Plasma from people who have recovered from COVID-19 to treat individuals with COVID-19

Background

Coronavirus (COVID-19) is a highly infectious respiratory illness caused by a new strain of virus. The outbreak has spread rapidly on a global scale. People infected with this virus may not show signs of the disease, others may develop symptoms, including fever, cough, shortness of breath and sore throat. In some people the infection is more severe and can cause severe breathing difficulties, leading to hospitalisation, admission to intensive care or death. Currently, no vaccine or specific treatment is available.

People who have recovered from COVID-19 develop natural defences to the disease in their blood (antibodies). Antibodies are found in part of the blood called plasma. Plasma from blood donated from recovered patients, which contains COVID-19 antibodies, can be used to make two preparations. Firstly, convalescent plasma, which is plasma that contains these antibodies. Secondly, hyperimmune immunoglobulin, which is more concentrated, and therefore contains more antibodies.

Convalescent plasma and hyperimmune immunoglobulin have been used successfully to treat other respiratory viruses. These treatments (given by a drip or injection) are generally well-tolerated, but unwanted effects can occur.

What did we want to find?

We wanted to know whether plasma from people who have recovered from COVID-19 is an effective treatment for people with COVID-19, and whether this treatment causes any unwanted effects.

Our methods

We searched major medical databases for clinical studies on treatment with convalescent plasma or hyperimmune immunoglobulin for people with COVID-19. Studies could be conducted anywhere in the world and include participants of any age, gender or ethnicity, with mild, moderate or severe COVID-19.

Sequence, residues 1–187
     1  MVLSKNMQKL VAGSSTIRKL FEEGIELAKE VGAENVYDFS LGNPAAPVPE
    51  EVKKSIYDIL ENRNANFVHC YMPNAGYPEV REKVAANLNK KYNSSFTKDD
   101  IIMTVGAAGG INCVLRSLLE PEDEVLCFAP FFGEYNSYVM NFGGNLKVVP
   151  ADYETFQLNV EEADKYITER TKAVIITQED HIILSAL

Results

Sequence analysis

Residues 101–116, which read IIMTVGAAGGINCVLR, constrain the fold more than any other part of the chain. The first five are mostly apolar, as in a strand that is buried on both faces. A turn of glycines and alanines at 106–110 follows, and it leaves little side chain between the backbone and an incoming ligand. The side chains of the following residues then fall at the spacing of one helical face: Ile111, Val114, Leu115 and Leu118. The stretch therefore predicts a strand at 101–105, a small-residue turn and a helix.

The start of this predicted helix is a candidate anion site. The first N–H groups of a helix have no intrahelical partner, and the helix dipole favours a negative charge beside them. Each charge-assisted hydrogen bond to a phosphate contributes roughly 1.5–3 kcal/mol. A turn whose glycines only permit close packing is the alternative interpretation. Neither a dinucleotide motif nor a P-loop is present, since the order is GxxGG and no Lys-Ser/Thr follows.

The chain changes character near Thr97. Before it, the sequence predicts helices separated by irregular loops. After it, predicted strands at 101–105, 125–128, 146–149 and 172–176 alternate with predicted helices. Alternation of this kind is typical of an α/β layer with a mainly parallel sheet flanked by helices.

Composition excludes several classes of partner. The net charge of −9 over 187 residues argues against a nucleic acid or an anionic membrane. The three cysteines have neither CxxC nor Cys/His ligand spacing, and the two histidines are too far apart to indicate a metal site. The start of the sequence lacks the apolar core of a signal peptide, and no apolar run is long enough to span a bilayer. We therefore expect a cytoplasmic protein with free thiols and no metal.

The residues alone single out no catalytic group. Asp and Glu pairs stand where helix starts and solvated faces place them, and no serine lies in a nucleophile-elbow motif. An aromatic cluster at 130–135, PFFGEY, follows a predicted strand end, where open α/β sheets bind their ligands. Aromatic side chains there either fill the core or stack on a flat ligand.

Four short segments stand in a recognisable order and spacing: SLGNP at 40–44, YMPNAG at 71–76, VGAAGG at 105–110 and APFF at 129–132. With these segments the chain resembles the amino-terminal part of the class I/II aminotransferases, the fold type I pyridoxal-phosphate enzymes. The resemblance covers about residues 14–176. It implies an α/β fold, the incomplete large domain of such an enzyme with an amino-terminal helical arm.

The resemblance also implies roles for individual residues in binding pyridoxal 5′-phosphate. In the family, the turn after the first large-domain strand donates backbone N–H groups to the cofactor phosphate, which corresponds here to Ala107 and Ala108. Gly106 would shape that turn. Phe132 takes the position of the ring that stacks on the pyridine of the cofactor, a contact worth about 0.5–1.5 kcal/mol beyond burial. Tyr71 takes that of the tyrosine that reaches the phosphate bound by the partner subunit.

COVID-19 is spreading rapidly, so we needed to answer this question quickly. This meant that we shortened some steps of the normal Cochrane Review process - only one review author extracted data from studies and assessed study quality; normally two review authors would do this.

Key results

We included eight completed studies, with 32 participants who received convalescent plasma. None of the studies randomly allocated participants to different treatments (randomised trials produce the best evidence). None of the studies included a group of people who did not receive convalescent plasma, as a comparison group.

All participants in the studies were alive at the end of follow-up, but not all had been discharged from hospital. Follow-up varied from 3 to 37 days after treatment with convalescent plasma.

Six studies used the level of breathing support that participants required as a measure of recovery. Breathing support included oxygen therapy, mechanical ventilation and the need for a special machine that oxygenates the blood. All six studies reported clinical improvement in at least some of their participants, but it remains uncertain whether this improvement was related to convalescent plasma, another treatment, or the natural progression of the disease.

Six studies reported time to discharge from hospital for some of their participants, all of whom received convalescent plasma. The time to discharge ranged from 4 to 35 days after convalescent plasma treatment.

Six studies included participants with severe COVID-19. Most had improved at final follow-up, but this improvement may have been due to another treatment, the natural progression of the disease or convalescent plasma treatment.

Two participants reported unwanted effects related to convalescent plasma. One participant developed a fever, and a second participant experienced anaphylactic shock (severe allergic reaction) early on in the transfusion.

Certainty of the evidence